Eye-like ocelloids are built from different endosymbiotically acquired components

Gregory S. Gavelis, Shiho Hayakawa, Richard A. White, Takashi Gojobori, Curtis A. Suttle, Patrick J. Keeling, Brian S. Leander

Research output: Contribution to journalArticlepeer-review

53 Scopus citations

Abstract

Multicellularity is often considered a prerequisite for morphological complexity, as seen in the camera-type eyes found in several groups of animals. A notable exception exists in single-celled eukaryotes called dinoflagellates, some of which have an eye-like 'ocelloid' consisting of subcellular analogues to a cornea, lens, iris, and retina. These planktonic cells are uncultivated and rarely encountered in environmental samples, obscuring the function and evolutionary origin of the ocelloid. Here we show, using a combination of electron microscopy, tomography, isolated-organelle genomics, and single-cell genomics, that ocelloids are built from pre-existing organelles, including a cornea-like layer made of mitochondria and a retinal body made of anastomosing plastids. We find that the retinal body forms the central core of a network of peridinin-type plastids, which in dinoflagellates and their relatives originated through an ancient endosymbiosis with a red alga. As such, the ocelloid is a chimaeric structure, incorporating organelles with different endosymbiotic histories. The anatomical complexity of single-celled organisms may be limited by the components available for differentiation, but the ocelloid shows that pre-existing organelles can be assembled into a structure so complex that it was initially mistaken for a multicellular eye. Although mitochondria and plastids are acknowledged chiefly for their metabolic roles, they can also be building blocks for greater structural complexity.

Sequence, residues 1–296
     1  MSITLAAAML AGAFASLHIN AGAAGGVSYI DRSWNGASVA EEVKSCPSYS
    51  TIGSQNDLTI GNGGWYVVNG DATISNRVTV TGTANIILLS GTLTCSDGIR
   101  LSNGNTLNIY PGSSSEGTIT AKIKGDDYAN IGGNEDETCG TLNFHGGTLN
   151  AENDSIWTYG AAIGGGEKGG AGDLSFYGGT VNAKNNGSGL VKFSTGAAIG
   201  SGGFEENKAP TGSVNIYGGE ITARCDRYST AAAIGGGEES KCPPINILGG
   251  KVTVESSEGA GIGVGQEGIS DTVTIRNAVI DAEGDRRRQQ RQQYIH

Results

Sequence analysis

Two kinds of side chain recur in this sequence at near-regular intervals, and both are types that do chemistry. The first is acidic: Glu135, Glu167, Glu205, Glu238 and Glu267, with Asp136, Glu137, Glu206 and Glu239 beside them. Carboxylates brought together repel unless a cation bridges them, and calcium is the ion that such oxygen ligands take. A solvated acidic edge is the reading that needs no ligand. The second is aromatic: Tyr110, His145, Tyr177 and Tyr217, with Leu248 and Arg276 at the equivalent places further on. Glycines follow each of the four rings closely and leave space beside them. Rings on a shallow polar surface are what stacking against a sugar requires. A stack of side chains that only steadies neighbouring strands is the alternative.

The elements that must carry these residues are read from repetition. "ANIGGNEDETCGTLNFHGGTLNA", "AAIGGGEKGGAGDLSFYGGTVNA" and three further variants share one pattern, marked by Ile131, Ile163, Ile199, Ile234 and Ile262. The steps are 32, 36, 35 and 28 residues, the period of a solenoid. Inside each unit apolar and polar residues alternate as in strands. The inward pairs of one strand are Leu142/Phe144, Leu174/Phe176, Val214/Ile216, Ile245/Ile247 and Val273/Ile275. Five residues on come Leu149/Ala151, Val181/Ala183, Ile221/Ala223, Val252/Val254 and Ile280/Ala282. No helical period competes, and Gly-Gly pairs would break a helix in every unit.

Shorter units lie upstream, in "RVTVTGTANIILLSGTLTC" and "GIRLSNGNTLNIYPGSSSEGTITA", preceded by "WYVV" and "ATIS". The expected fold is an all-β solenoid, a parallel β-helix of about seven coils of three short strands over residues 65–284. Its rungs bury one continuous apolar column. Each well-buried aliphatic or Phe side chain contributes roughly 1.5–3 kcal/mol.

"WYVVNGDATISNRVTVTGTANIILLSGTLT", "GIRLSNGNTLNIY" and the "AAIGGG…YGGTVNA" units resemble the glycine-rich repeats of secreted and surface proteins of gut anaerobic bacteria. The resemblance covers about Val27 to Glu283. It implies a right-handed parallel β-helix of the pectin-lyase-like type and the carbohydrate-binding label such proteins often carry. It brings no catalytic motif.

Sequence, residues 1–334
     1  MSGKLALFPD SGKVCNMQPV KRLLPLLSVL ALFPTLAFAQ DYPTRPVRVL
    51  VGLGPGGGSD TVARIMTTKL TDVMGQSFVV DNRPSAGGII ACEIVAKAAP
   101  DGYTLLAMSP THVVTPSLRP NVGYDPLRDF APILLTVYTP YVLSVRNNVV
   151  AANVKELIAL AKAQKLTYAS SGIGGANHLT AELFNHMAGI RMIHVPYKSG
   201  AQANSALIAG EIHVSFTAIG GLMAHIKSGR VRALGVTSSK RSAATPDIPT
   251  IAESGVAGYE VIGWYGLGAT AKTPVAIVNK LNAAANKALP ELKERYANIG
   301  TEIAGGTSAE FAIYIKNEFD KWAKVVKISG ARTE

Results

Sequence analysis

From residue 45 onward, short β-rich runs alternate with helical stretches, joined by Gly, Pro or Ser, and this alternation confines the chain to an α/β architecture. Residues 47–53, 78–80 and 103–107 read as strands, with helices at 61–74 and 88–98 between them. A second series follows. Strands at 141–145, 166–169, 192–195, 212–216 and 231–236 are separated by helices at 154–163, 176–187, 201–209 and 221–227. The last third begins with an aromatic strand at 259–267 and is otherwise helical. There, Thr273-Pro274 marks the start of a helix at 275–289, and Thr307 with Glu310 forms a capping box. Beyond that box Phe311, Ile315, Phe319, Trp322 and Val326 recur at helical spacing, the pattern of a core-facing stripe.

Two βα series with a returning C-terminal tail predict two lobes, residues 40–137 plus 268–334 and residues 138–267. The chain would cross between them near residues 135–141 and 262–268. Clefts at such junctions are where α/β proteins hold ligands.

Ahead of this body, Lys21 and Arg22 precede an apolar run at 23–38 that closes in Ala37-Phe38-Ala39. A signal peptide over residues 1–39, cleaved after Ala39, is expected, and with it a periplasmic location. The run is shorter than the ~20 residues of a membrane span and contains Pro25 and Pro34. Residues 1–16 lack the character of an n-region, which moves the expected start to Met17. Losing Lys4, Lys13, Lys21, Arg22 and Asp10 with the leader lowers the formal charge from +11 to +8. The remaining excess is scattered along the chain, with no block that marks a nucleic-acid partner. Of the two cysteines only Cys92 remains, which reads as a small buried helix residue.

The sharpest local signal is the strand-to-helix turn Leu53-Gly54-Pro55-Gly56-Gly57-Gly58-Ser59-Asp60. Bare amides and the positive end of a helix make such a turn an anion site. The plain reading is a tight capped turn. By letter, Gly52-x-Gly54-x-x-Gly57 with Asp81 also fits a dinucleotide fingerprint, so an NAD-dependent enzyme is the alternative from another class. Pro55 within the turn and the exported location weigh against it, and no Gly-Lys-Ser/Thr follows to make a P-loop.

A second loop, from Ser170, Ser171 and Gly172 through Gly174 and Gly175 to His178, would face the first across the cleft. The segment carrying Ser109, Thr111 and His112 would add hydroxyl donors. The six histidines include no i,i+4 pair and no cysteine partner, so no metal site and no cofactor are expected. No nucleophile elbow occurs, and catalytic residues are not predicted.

Original languageEnglish (US)
Pages (from-to)204-207
Number of pages4
JournalNature
Volume523
Issue number7559
DOIs
StatePublished - Jul 1 2015

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